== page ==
Denon S-101 Overview and Setup
Let's face it. We all love surround sound, but can't always find the space for a full-fledged system. I can personally relate while I am staying at my beach condo for the next two months awaiting completion of my new home. While my condo is pretty accommodating for the three of us, it has little space to accommodate a 5.1 surround system, well, perhaps a dinky cubed system, but I'd prefer my clock radio as an alternative. Don't laugh, it has decent fidelity and certainly jump starts my mornings each time the alarm goes off to the local hard rock station. That being said, I was on a quest to continue doing reviews of home theater gear despite my living constraints. I quickly had flashbacks of the Denon Summer Conference where we walked away very impressed with their new DVD Home Theater Systems, particularly their S-301 (MSRP: $1599) and the S-101 (MSRP: $999). Thinking about this, I requested an S-301 for review and within one week the S-101 showed up at my office. Oh well, so it's not flagship, but it is surround sound that will integrate perfectly in my condo and hopefully satiate my desire for home theater while I await completion of my new home.
For a tabulated comparison of the major feature/performance differences between the S-301 and S-101 Denon DVD Home Theater Systems, search for our article titled Denon S-101 Vs. S-301 DVD Home Theater Systems
The S-101 showed up in a moderately sized box. This was a sigh of relief for me to finally take a break from monster speaker systems and amplifiers and be reviewing manageable sized gear which is easy to setup and place in the room. To test the alleged ease of setup of this system, I had my wife connect it up. Normally she would clear the room when I bring in a new AVR receiver or DVD player, but not this time. Following the single paged connection guide which is the first thing that greets you when you open the box, she located all of the components and cables required for the setup. The subwoofer module did have a bit of heft so I helped out and placed it in the most ideal location in the room which happened to be midway off the front wall concealed behind a chair.
Connections were a snap thanks to the color coded and keyed cables. They insured you couldn't reverse the polarity of the speaker leads or misconnect the DB25 system cable. This large connection supplies the DVD module power and audio connectivity to the subwoofer's internal amplifiers which power the satellite speaker system. You can even change out the speaker cables for something more exotic, or to simply lengthen them if the speakers are located further away from the subwoofer.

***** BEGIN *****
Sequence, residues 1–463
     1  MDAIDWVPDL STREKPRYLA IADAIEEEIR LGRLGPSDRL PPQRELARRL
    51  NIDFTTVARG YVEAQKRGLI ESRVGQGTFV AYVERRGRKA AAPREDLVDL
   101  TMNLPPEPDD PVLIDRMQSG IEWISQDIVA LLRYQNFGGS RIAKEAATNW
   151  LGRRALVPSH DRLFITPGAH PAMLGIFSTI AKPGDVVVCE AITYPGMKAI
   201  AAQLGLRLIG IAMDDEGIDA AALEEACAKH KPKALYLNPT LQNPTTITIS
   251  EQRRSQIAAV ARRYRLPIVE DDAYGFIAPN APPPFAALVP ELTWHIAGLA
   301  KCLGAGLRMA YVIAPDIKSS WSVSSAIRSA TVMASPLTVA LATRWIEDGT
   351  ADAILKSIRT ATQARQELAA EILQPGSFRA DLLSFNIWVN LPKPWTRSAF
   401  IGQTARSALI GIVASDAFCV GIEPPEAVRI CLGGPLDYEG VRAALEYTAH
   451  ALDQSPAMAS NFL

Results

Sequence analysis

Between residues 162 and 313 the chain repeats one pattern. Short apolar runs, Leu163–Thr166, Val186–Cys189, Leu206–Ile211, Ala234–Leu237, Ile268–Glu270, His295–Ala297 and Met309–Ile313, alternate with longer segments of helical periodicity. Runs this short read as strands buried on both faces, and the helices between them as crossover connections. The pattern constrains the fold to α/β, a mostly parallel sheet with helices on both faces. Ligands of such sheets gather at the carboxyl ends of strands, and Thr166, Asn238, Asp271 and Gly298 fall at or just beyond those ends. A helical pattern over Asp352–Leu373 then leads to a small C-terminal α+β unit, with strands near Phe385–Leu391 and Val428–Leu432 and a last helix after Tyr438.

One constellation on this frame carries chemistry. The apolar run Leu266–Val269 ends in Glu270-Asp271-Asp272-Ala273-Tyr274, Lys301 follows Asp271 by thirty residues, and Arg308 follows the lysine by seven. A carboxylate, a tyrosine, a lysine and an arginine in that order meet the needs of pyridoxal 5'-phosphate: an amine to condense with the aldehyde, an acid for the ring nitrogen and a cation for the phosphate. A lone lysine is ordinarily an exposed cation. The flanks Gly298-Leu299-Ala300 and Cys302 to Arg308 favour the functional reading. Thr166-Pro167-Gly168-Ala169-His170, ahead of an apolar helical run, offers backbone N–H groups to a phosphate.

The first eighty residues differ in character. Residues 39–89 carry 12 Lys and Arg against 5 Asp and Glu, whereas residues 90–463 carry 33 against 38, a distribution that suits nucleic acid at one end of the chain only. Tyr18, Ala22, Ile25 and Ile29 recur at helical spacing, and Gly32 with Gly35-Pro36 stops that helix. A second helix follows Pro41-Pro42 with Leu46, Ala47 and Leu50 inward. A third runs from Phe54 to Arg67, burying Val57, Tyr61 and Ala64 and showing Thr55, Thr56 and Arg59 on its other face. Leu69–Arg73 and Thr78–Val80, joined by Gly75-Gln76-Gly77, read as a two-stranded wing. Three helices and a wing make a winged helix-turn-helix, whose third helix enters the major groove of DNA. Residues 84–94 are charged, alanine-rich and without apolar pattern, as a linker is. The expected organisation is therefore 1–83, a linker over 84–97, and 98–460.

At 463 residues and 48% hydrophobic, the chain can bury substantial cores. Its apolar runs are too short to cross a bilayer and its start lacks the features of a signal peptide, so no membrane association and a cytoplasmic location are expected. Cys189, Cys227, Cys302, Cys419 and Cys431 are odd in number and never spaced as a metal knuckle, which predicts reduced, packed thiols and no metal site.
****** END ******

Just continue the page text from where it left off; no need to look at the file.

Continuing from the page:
About the only criticism I had on ergonomics of set up is if you use the
supplied speaker stands to sit your speakers on a table top or auxiliary stands, they get in the way
of the wires.
I would have liked to have seen a perforated slot on the middle of the stand to
snake the wire through. Other than that, setup couldn't be any easier or more straightforward,
as evident by the fact it passed the wife acceptance test with flying colors.
The heart of the S-101 system resides in its rather potent, yet compact, 8" high-excursion powered subwoofer that also serves as the demarcation connection point for the satellite speakers and DVD unit. Thanks to the unit's down firing woofer and port topology, it opens up more flexible placement options since you don't have to worry about installing it in situations that may be blocking the woofer or port.
The rubber feet were a nice touch and not only added a good aesthetics factor, but also added a functional one by allowing the sub to make firmer contact to the floor which helps tighten up the bass response.
This is one jacked HTIB unit as evident by multiple analog and digital audio I/Os, and provision for component video. It even has a front panel connection for iPod. I was a bit disappointed to see a back panel switch to select between progressive scan and interlaced video as I would have preferred the ability to select this via the OSD in the menu setup like most DVD players do today.